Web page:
It comes as little revelation to us, brothers and sisters: sin is as confounding as all Heaven, and the treasures of Satan are as rich as the prize of redemption. Does it not seem that good sometimes stands in the place of evil? And that the malignancy of creation appears utmost beautiful before us—the calculated majesty of a greater being, either of the good which proffers life, or the negation of it?
So it was that Abraham was enjoined to recognize this world, to bear fruitful faith in the complexity of all living things. Thereafter it was Abraham’s son Isaac who witnessed God’s world, and Jacob, David, and the many prophets and judges who stood as testament to the progress and regression of humankind. But not one was so much as perfect, not one so much as omniscient as God, neither Jesus, who was born the Son of God, though entirely God himself.
It is a difficult task to assume intimacy with a creator who relishes the trial of faith in the conflagration of good and evil. For when one is masked as the other, who can recognize God at all? It is said that He and She is in all, and of all, and through all—but surely, evil cannot be a part of it? How might we find God in the heart of sin? But only through the understanding that evils are temporary and they are tools for a greater good. The practicality and limitation of time make understanding the greater purpose of the divine an impossible feat. And yet, we hold onto a faith that questions despicable action as a means to good ends. Is it not possible that death will bring life? So it was in Jesus Christ.
Some have called this faith blind, saying that it holds no proof, nor suspicion of greater good. For what evil as great as genocide might produce an even greater good? And should there not have been a less horrid means? Who can say, my brothers and sisters, what might have been? But we can say, because there has been a Hitler, there will never be a man of such renown again. Nor will there be a Stalin, nor any number of murderous individuals who have, I am convinced, a sickness which derives in them satisfaction from manifold evils.
It is furthermore neither the wit nor the willing heart which changes much of our appointment in this life. We are called to circumstances which neither our constructive minds, nor our well-purposed hearts could possibly alter. And if we accept these circumstances without designing to interfere with them, or to preclude their occurrence, we live by faith. For in giving over the order of things to God, we have therefore announced our faith in Him, that His plan came before our own and of a reason that we cannot comprehend. If we act as we are given opportunity, and make our decisions as accords our faith, our mind, and our feeling, we have done what we are able to do.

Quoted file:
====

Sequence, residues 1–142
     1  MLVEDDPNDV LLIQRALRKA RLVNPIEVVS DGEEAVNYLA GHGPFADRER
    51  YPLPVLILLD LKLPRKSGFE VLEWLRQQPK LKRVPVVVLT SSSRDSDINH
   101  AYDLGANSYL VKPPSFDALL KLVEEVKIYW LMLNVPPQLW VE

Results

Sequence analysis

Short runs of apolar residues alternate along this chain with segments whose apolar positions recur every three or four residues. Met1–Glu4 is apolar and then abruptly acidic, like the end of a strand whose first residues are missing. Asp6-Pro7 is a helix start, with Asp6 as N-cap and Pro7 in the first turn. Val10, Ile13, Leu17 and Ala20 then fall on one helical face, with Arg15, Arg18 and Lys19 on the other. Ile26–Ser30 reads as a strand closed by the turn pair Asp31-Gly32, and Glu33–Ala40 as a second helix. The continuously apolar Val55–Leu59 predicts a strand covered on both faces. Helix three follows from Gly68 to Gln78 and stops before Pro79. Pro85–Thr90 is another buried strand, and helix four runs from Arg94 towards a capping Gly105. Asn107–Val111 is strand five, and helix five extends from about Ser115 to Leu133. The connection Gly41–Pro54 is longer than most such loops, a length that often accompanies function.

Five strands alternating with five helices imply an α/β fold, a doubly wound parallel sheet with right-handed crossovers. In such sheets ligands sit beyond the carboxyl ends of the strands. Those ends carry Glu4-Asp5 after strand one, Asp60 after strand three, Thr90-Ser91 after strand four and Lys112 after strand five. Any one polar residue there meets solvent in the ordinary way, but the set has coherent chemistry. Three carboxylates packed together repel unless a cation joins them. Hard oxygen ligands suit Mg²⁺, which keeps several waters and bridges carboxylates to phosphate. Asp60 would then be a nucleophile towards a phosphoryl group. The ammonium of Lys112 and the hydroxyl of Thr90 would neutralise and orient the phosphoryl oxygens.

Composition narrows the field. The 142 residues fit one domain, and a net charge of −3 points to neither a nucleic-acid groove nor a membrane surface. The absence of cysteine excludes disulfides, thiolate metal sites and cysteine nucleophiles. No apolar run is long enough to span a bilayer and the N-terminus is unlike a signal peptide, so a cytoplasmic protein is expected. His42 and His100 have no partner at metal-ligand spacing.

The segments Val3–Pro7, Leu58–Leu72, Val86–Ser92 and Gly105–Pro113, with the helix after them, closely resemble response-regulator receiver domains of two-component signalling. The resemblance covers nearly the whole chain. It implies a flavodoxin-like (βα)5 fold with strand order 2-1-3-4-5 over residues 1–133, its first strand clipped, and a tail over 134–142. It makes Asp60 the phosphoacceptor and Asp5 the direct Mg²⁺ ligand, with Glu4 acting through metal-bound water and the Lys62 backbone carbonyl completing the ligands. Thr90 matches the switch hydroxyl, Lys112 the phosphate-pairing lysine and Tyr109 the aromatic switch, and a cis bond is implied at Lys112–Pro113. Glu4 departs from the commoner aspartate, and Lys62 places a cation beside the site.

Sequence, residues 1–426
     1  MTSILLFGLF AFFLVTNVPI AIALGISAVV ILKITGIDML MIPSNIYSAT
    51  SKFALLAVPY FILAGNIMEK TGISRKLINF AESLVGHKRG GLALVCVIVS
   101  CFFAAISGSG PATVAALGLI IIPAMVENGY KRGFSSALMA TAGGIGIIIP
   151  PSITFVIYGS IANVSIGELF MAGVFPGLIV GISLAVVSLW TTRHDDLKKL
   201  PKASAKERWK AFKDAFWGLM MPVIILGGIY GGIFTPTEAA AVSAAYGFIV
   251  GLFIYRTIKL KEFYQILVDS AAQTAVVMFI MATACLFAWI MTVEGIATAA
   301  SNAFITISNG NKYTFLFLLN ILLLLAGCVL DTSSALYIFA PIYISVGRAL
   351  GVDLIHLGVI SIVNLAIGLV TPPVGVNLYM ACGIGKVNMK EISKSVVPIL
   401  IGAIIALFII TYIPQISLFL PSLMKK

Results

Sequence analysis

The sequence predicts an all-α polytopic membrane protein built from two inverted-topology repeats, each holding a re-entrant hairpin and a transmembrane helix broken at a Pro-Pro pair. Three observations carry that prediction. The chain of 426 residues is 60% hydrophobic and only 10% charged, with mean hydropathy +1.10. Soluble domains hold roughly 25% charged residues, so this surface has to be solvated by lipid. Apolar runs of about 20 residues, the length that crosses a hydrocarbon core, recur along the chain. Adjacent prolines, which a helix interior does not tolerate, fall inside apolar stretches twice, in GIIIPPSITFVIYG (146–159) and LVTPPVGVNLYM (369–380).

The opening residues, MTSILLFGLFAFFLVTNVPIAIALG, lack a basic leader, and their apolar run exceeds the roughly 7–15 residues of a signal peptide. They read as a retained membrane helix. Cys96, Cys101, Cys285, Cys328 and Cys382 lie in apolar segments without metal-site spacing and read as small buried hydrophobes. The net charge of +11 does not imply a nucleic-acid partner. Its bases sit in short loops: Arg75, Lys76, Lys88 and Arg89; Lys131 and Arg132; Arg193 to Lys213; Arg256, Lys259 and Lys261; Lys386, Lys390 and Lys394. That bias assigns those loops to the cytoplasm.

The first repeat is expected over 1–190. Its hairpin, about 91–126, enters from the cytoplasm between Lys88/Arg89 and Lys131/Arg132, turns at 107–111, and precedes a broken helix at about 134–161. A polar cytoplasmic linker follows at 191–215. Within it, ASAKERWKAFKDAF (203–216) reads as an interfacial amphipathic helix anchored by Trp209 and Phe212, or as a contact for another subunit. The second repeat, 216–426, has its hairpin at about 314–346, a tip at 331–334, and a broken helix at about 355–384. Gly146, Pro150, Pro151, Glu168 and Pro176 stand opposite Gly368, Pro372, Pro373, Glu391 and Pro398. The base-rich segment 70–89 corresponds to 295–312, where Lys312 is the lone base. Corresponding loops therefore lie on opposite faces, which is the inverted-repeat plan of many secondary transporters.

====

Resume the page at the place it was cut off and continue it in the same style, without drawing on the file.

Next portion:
But it is this distance and constant unknowing which obstructs our intimacy with God. For what is the model of human relationship, but closeness? That we should know another so well as to predict how they will act, what they will enjoy and hate, what they indeed will decide before their mind decides it. And in the comfort of this constancy and the love of the personality that forms therefrom, we find a true peace, and indeed, the paragon of intimacy.
This is not to be had with God. For he who can predict God, is God. And he who knows of the wanderings of the divine consciousness should be its progenitor. There is no father to the Father of all. But neither is it possible that there is a Creator that is not somehow constantly a part of His creation. Therefore we are intimate with God as we are a significant part of an infinite consciousness. This is not to say, as that consciousness grows, our affect in it diminishes, but rather, that our affect continues infinitely as well. We are that we are; for we are of God. Let us adopt His words when He says: I am that I am. We are that He is. And we are sufficient therefore.
Intimacy with God is not a thing to be reached, beloved. For He is as we are, and we are in Him, and through Him, and because of Him. And truly, our very being is the essence of all intimacy—the joining of creation. To know ourselves is to know Him; to know each one of us, is to know Him further. You ask for the reasons of the world, and know not why human logic cannot grasp it. It is only when you cease to reason by your own means, and learn to exist in the reason that ran before you that you will be inextricably tied to all matter of being, great and small.
Recall, then, your inherent selves, your childlike peace, and the call to engage in the wonders of the world. Do not treat God as one of us, for He cannot be so. God is the sum of us, and He is more. The wonders of the world pale before Him, as much as He is the source of them.
Must we wonder, then, why Abraham was denied audience with God? Surely, our minds have turned to a perpetual audience which never ceases, a conversation which never ebbs, and an existence which is forever interwoven with God our Father and Maker.
I have spoken to you enough. Go forth in the grace and peace of this revelation, exhorting others to abandon false hopes, and live in the revelation of Jesus Christ, who has manifested Himself as the Divine in this age.
I am beholden to you, brothers and sisters, for your love and companionship. May you prosper in faith, hope, and love. For I am in this life, and remain forever yours in Christ,